PricewaterhouseCoopers’ lawyers claimed that the appointment of Adrian
Brunner QC as chairman for its Joint Disciplinary Scheme tribunal contravened
the Human Rights Act, and he was not impartial having previously heard the JDS’
Barings case against the firm.
The claims were made by the firm, its predecessor Coopers & Lybrand and
its audit partner Jon Lander prior to the original tribunal hearing that was set
for June 2005.
The attack was rejected by Brunner in a 41-page document detailing the
Herbert Smith, the law firm acting for PwC, initially recommended to the JDS
executive committee that Brunner be removed from the post, a request that was
turned down. Timothy Dutton QC, acting for PwC, then claimed the JDS was
non-compliant with the Human Rights Act 6 (1).
The move represented the latest attempt by one of the major firms to
challenge the watchdog, which has a formidable record in successful actions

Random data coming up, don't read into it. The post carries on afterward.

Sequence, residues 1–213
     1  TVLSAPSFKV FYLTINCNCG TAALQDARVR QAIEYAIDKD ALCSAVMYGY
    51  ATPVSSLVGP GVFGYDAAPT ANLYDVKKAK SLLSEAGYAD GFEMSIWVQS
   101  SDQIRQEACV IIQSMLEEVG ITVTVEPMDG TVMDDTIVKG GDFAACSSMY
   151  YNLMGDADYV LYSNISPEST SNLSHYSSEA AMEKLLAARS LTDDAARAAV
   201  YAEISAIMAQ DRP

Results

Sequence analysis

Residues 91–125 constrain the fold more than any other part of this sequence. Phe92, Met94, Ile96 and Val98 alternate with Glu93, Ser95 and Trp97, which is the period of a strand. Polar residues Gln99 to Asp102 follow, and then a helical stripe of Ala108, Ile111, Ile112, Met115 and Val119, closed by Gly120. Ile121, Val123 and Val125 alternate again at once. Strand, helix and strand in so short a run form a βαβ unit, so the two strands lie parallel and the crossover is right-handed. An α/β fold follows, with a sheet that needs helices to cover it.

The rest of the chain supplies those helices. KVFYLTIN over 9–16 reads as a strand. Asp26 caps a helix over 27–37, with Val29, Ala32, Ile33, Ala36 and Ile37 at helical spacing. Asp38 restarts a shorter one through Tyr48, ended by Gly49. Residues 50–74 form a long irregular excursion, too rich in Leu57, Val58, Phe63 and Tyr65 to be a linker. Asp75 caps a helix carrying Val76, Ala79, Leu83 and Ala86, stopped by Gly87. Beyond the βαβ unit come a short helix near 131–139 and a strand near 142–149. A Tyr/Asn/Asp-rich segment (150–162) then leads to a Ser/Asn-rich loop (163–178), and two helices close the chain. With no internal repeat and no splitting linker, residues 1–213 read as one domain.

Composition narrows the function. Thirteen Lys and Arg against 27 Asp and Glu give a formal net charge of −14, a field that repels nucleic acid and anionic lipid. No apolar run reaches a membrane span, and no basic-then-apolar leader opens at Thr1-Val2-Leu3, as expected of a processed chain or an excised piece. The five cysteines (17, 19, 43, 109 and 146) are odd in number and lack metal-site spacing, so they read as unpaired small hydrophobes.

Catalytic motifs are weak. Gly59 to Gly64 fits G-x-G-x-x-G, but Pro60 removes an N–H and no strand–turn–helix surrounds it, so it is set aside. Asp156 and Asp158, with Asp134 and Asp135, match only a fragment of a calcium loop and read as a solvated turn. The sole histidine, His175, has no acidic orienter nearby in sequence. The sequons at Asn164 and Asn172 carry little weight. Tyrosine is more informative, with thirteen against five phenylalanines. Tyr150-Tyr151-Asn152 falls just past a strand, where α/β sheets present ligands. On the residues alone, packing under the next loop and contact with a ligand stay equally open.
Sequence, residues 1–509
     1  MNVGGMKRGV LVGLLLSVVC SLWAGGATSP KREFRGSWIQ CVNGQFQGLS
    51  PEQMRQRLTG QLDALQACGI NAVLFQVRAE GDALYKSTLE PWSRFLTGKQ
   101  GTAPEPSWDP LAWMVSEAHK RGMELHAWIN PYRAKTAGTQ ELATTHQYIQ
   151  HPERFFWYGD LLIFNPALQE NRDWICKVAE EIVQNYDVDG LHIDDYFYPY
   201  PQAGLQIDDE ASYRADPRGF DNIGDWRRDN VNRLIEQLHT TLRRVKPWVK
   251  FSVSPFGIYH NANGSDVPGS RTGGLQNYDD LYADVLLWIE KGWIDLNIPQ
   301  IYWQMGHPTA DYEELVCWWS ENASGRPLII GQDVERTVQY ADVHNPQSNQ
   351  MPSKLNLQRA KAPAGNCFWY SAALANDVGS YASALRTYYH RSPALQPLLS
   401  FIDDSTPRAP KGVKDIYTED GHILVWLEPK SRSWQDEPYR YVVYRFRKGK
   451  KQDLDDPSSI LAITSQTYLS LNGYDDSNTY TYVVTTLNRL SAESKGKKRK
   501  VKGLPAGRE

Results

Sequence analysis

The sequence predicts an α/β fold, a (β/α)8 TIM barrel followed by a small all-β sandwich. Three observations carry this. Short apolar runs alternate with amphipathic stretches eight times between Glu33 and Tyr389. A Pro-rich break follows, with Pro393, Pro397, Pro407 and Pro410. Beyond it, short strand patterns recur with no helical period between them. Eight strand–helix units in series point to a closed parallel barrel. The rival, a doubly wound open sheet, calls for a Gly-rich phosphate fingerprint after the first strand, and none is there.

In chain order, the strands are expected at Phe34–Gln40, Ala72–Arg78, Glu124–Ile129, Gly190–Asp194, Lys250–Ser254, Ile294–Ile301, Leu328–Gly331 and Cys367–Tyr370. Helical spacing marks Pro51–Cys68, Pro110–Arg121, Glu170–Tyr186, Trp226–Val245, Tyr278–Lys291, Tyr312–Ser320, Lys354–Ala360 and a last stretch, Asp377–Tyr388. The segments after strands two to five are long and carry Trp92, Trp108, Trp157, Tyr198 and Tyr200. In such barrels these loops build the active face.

against members of the profession. Last year, Deloitte tried to injunct a press
release detailing complaints against chairman Martin Scicluna. The complaints
against him were eventually dismissed.
Further powers are being sought by HMRC, but it is ‘failing’ to use those it already has, such as Conduct Notices, says RPC
HMRC breaches client confidentiality; and partner profits fall at EY. These stories and more discussed in Friday Afternoon Live
"The whole idea of HMRC officials supplying confidential information about individuals to the media on a non-attributable basis is, or should be, a matter of serious concern," say Supreme Court judges
Changes to the tax system is urged to support the growth of entrepreneurs, found a report from the Grant Thornton UK, the Institute of Directors, and the Prelude Group